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Science says: FPS players enjoy getting shot

Kyle Orland

Intuitively, winning at a video game should be more fun than losing, right? Thankfully, science is around to show us exactly how our intuition is totally wrong. According to a study in the February issue of science journal Emotion, "the wounding and death of the player's own character may increase some aspect of positive emotion."

The Helsinki-based study, which looked at 36 young-adults playing James Bond 007: Nightfire, found that getting hurt and killed in the game "elicited an increase in SCL and zygomatic and orbicularis oculi EMG activity and a decrease in corrugator activity" -- in layman's terms, it made the players less anxious. Even more interestingly, the study found that "wounding and killing the opponent may elicit high-arousal negative affect (anxiety)."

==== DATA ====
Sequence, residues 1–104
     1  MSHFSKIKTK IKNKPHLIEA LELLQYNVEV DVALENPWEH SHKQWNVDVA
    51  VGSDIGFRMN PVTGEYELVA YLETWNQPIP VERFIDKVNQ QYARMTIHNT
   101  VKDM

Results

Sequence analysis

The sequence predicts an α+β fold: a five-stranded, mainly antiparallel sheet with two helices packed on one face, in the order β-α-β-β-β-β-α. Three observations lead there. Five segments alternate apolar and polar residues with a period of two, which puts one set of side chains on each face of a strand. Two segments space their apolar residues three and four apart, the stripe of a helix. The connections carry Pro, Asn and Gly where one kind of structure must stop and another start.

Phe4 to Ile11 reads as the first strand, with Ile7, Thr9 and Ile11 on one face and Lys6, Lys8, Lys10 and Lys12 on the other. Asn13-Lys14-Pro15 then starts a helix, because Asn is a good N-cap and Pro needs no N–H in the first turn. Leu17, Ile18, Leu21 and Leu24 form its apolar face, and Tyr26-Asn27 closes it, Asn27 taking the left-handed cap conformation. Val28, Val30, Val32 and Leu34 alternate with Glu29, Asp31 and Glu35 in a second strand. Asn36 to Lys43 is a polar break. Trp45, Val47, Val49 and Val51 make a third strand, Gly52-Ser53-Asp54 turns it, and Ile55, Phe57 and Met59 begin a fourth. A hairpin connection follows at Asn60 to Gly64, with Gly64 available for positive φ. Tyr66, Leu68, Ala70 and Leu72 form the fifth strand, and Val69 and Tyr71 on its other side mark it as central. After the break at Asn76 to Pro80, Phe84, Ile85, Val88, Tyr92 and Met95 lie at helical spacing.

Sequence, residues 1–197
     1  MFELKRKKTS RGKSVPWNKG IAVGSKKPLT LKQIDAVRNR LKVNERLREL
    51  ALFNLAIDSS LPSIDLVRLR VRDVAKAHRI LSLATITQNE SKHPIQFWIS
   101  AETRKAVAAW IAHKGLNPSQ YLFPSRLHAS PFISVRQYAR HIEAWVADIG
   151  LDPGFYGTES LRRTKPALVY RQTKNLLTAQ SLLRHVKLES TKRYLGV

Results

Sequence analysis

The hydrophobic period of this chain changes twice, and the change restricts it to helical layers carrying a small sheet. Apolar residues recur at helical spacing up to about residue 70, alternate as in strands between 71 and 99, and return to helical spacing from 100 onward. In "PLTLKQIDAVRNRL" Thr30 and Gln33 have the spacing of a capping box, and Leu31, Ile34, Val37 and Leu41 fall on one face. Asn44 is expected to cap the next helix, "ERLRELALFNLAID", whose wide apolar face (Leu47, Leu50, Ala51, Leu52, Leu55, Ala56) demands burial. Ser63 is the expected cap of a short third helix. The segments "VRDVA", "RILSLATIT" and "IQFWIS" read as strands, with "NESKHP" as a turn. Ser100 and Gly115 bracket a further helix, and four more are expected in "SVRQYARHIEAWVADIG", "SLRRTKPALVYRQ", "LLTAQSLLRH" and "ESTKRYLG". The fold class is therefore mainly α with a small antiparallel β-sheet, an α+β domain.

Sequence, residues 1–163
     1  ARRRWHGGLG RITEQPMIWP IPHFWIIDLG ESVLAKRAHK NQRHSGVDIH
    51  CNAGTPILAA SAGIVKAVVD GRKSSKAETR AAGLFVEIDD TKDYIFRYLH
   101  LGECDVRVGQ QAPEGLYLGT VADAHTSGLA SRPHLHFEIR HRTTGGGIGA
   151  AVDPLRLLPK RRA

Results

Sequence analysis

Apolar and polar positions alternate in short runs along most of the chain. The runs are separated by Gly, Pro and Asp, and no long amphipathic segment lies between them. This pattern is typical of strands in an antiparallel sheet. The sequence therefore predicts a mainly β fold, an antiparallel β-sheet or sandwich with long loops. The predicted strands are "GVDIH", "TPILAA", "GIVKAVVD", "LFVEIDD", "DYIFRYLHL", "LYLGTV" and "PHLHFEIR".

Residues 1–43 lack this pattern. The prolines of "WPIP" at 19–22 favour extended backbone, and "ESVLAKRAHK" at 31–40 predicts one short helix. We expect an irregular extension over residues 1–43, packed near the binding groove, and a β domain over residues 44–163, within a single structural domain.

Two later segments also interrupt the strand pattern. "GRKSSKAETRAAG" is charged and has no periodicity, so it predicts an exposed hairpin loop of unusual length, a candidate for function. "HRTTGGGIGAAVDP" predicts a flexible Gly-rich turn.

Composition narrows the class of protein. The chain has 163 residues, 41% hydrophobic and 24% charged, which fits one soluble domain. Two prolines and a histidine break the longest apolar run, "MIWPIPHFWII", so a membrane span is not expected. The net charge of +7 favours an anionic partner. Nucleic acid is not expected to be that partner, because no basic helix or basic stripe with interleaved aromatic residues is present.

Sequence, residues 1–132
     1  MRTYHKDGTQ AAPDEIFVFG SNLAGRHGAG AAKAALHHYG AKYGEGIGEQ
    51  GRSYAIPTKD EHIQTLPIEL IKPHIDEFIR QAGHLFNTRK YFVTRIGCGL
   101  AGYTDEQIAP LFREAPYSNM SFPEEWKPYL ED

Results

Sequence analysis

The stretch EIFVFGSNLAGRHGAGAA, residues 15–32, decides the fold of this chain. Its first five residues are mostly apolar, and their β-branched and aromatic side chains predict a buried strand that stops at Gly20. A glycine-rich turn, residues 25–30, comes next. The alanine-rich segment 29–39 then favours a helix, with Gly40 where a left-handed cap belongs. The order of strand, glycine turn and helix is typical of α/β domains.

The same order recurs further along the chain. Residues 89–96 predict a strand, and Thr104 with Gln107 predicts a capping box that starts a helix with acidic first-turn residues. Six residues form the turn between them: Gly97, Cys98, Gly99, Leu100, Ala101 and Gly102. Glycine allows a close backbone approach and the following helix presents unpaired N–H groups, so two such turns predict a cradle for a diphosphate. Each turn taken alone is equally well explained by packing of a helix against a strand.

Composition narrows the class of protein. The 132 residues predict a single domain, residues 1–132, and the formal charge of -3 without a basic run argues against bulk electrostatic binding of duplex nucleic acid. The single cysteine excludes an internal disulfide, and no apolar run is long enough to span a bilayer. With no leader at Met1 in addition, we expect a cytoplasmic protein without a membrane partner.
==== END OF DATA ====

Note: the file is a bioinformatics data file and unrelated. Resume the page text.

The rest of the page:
The study also found that students that scored higher on a common test for "psychoticism" experienced less anxiety when shooting opponents. So the next time you enjoy fragging an opponent in Halo 3, remember ... there is a good chance you are psychotic!

[Via GameCritics. Photo Credit]

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